Wednesday, December 1, 2010

There Is No Room for Complacency

Exegetical Reflection on the Gospel of the 2nd Sunday of Advent A
(Matthew 3:1-12)
5 December 2010

“Eat Bulaga!” is a noon-time variety show in the Philippines aired by GMA Network. That it is the longest running television show in the country and broadcast worldwide through GMA Pinoy TV is an indication that the program is a success. Aired from Monday through Saturday, it gives excitement to the viewing public because it bristles with surprises. Founded in 1979 and premiered at RPN 9, it celebrated its 31st anniversary this year, 2010. But to stay at the top, Joey de Leon, Tito Sotto and Vic Sotto cannot just sit back and relax; they cannot just bask in the sunshine of phenomenal success. If they are not to wake up one day and find out that their show has been dislodged from the top, they must always make an effort to make it unmatched.

Just as Tito, Vic and Joey cannot just merely bask in their being number one in the noon-time show industry but have to exert efforts to maintain their rating, so a Christian cannot simply assure himself that his being part of the Church is enough guarantee of his salvation. And the Gospel today’s cautions us against that frame of mind by telling us about the outlook of the Pharisees and Sadducees. The Sadducees and the Pharisees were sort of interest groups within Judaism, and although they had differences in their beliefs and interpretation of the law, both were proud of their being part of God’s covenanted people, who descended from Abraham. As can be gathered from rabbinic literature, the Jews believed that to be inserted into the Abrahamitic lineage was an assurance of protection against God’s wrath and, as may be gleaned from other sources (Luke 16:24; John 8:33-39), an assurance of salvation. The consolation of Zion or Jerusalem finds its basis in the share of Abraham’s blessings (Isa 51:2-3). No wonder, being an heir to Abraham’s blessings (Gen 12:2-4) was Israel’s national pride and boast, for they were sure of salvation on the basis of the merits of Abraham (Test. Levi 15:4). Indeed, some even believed that although one may depart from the ways of God, one could still share in the everlasting kingdom on account of his belonging to Abraham’s lineage; after all, God cannot be unfaithful to his promise to Abraham and to his descendants.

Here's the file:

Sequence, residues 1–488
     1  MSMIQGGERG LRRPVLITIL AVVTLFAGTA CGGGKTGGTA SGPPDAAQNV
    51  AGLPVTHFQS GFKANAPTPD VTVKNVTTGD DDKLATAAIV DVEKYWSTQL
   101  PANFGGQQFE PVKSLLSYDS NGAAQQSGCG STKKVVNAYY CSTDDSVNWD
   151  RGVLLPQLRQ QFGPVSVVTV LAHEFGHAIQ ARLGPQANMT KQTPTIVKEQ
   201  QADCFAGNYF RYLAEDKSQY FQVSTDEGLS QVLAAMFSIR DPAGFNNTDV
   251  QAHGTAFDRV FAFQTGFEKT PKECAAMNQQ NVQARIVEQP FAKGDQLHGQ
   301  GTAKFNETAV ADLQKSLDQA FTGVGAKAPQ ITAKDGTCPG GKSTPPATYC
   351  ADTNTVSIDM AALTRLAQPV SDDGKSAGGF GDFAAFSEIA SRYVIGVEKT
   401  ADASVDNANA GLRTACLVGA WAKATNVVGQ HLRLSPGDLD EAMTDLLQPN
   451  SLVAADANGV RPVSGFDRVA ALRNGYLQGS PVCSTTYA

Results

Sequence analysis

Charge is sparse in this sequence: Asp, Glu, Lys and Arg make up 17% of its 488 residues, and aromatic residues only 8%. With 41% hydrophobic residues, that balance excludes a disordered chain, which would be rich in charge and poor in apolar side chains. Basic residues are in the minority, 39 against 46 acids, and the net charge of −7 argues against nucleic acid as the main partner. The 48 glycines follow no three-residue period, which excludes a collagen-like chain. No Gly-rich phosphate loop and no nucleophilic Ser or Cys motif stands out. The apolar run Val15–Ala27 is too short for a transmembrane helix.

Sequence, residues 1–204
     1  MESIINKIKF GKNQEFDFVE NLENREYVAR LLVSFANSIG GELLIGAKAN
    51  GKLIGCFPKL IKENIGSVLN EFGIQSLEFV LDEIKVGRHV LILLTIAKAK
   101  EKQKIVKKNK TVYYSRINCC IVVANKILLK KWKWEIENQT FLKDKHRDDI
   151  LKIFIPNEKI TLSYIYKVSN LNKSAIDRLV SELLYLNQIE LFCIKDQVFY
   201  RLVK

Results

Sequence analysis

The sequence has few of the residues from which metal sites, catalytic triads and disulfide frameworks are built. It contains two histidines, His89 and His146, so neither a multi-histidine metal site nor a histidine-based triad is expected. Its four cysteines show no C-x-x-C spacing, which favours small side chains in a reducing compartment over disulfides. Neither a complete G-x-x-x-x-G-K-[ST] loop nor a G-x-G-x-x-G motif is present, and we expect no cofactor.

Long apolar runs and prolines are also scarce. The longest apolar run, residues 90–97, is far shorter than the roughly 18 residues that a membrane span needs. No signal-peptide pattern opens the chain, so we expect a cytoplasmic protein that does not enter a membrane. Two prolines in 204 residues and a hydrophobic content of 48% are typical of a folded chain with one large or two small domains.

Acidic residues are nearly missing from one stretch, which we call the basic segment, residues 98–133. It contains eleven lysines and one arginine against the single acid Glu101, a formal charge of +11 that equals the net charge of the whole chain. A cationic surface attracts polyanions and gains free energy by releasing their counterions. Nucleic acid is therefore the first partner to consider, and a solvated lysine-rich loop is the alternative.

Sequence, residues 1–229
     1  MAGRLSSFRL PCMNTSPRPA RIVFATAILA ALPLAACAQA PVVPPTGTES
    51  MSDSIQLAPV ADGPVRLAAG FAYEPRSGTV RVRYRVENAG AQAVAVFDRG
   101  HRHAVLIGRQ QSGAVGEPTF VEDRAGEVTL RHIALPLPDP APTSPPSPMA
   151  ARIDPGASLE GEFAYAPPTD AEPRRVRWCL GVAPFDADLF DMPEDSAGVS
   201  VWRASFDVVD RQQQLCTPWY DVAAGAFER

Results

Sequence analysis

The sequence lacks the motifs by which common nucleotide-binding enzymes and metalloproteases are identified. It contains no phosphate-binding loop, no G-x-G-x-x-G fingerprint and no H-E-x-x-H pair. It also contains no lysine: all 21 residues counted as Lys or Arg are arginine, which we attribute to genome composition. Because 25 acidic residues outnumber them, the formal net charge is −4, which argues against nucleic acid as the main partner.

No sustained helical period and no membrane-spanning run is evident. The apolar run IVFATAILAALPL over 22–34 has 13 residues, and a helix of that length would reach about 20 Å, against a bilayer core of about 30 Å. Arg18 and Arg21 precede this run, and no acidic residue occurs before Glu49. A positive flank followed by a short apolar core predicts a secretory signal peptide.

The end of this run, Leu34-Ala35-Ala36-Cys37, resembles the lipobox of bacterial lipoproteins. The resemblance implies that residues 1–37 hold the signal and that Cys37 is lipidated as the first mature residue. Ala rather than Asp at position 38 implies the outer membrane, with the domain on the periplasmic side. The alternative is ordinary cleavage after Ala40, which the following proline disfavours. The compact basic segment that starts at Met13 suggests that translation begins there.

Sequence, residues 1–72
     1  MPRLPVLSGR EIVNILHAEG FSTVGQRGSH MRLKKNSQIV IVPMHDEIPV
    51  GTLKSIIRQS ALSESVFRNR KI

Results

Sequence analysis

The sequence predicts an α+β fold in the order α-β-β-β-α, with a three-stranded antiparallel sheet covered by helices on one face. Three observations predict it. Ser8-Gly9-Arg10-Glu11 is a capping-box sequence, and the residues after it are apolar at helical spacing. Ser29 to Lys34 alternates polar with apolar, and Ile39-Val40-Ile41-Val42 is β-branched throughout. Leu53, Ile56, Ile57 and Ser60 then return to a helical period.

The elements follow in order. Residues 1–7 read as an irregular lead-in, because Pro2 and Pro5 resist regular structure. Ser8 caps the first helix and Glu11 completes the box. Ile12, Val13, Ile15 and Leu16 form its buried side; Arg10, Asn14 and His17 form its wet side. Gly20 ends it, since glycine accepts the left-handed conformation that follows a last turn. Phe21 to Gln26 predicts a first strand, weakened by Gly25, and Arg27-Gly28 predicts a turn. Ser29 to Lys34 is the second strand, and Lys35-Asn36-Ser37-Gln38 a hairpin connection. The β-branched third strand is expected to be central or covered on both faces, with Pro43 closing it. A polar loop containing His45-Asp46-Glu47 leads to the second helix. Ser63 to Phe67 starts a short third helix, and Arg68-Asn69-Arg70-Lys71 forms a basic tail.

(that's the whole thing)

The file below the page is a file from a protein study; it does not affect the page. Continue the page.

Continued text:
In today’s Gospel (Matt 3:1-12), John the Baptist repudiates such an outlook. It may be recalled that John preached the imminence of the Kingdom of God. Both Pharisees and Sadducees believed, of course, in the coming of the Reign, but with a difference. For the Sadducees, who were elitist, comprising the Jewish aristocracy that maintained the Temple and its rituals, the Reign of God is merely the continuing rule of God that existed from the dawn of creation, and all they waited was its perfection. The Pharisees, on the other hand, taught that the Kingdom could be hastened through meticulous observance of the law and a superior morality. But John the Baptist shared none of these; the coming of the Kingdom is imminent, and people had to be prepared for its coming. Of course, for the common people who looked forward to their deliverance from the Roman yoke, the coming of the Kingdom was a fulfillment of their dream.

No wonder that John’s preaching evoked a very strong response from the hoi polloi living in Jerusalem, Judea and around the Jordan. Because his message was one of judgment, he invited people to submit to his baptism of repentance, a ritual cleansing that recalls the message of Zechariah (“On that day there shall be open to the house of David and to the inhabitants of Jerusalem a fountain to purify from sin and uncleanliness” [Zech 13:1]), as he challenged people to acknowledge their sinfulness and change their lives, their lifestyle, in preparation of the coming of the Kingdom. They must turn to God and institute a moral revolution in their lives and in the way they related to one another.